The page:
Pepé Le Pew just got canceled, but Dave Chappelle saw it coming 20 years ago.
via Giphy and Daniel Barnes / Twitter

"Jane the Virgin" actor Greice Santo revealed that a scene featuring her and Looney Tunes character Pepé Le Pew has been cut from the upcoming Warner Bros. film, "Space Jam: A New Legacy."

The film is a sequel to the 1996 film "Space Jam" which paired NBA legend Michael Jordan with Looney Tunes and Merrie Melodies characters.

Santo and Le Pew were supposed to appear together in a black-and-white scene parodying "Casablanca" where she beats up the cartoon skunk for being sexually aggressive.

Le Pew has come under fire recently for being seen by some as the epitome of rape culture. The French skunk was known for being overly aggressive in his pursuit of a black cat known as Penelope Pussycat. Le Pew would kiss the cat's arms and hold her in a deep embrace, even when they protested.

Every time a female fought back against Le Pew, he'd misinterpret it as a sign of interest.

Simply put, "no" never meant "no" to Le Pew. In a 2021 column for The New York Times, Charles M. Blow wrote that Le Pew "normalized rape culture."

While some will say that cutting Le Pew from the "Space Jam" sequel makes the character another victim of today's intolerant "cancel culture," criticism of the skunk isn't a new thing.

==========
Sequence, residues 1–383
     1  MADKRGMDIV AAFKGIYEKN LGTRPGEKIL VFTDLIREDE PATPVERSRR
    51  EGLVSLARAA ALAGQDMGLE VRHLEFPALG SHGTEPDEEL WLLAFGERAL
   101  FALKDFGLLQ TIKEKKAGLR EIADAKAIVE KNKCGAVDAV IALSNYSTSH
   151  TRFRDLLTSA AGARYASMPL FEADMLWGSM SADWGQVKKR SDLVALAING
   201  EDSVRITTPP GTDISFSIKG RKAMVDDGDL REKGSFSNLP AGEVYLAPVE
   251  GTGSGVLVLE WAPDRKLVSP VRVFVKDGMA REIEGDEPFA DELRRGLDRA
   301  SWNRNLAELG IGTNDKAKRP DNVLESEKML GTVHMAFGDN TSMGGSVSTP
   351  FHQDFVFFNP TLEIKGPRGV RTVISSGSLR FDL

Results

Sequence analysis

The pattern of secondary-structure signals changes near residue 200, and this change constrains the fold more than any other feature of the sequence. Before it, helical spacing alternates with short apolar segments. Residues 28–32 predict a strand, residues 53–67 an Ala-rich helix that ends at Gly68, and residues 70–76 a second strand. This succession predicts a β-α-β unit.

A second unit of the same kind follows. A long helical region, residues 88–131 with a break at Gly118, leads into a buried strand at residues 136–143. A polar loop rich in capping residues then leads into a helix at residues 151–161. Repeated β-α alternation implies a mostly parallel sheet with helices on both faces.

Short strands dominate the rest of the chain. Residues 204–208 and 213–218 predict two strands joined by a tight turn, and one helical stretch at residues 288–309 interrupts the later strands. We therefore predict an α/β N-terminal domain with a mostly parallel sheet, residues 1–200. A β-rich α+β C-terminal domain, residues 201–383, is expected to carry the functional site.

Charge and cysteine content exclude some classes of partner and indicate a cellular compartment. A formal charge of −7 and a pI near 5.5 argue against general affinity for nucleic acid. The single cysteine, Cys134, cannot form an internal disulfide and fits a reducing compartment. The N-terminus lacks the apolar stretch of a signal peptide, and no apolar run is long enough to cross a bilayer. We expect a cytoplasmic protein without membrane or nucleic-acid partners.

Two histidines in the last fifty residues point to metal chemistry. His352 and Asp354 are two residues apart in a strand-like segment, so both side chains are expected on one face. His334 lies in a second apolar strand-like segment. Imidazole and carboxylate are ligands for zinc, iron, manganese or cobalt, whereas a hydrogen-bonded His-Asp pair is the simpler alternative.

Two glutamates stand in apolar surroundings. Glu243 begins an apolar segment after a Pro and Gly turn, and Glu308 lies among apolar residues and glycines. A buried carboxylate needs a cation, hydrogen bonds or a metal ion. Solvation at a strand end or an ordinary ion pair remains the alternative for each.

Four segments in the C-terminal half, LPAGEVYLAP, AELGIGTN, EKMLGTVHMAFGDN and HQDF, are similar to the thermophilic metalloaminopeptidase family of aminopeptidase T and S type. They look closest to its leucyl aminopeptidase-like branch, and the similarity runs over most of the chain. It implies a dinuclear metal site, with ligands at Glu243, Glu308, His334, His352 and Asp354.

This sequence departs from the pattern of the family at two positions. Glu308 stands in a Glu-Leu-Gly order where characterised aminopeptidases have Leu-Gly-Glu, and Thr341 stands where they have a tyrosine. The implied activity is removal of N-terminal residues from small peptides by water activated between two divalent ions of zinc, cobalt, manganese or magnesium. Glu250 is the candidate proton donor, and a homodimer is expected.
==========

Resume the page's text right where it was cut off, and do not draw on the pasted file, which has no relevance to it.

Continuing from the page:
Comedian Dave Chappelle realized that Le Pew was a terrible example for kids back in 2000, when he made fun of the skunk in his "Killin' Them Softly' standup special.

Warning: Strong language.

"Some wild shit! Like, I was with my nephew, sitting there watching Pepé Le Pew, and I said, 'Now, pay attention to this guy because he's funny. I used to watch him when I was little," Chapelle says in the bit. "And we're watching gPepé Le Pew, and… Good god, what kind of fucking rapist is this guy? Take it easy, Pepe!'"

In the bit, Chapelle's nephew responds to Le Pew by taking a terrible lesson from the skunk — sometimes you just have to "take" what you want from women. That's the exact reason many of today's parents don't want him in their children's movies.

Living a simple and happy life, Chow Yun-fat plans to give his around $700 million fortune to charity, Hong Kong movie site Jayne Stars reported.

Chow Yun Fat was born in Lamma Island, Hong Kong, to a mother who was a cleaning lady and vegetable farmer, and a father who worked on a Shell Oil Company tanker. Chow grew up in a farming community, in a house with no electricity.

He would wake at dawn each morning to help his mother sell herbal jelly and Hakka tea-pudding on the streets; in the afternoons, he went to work in the fields.

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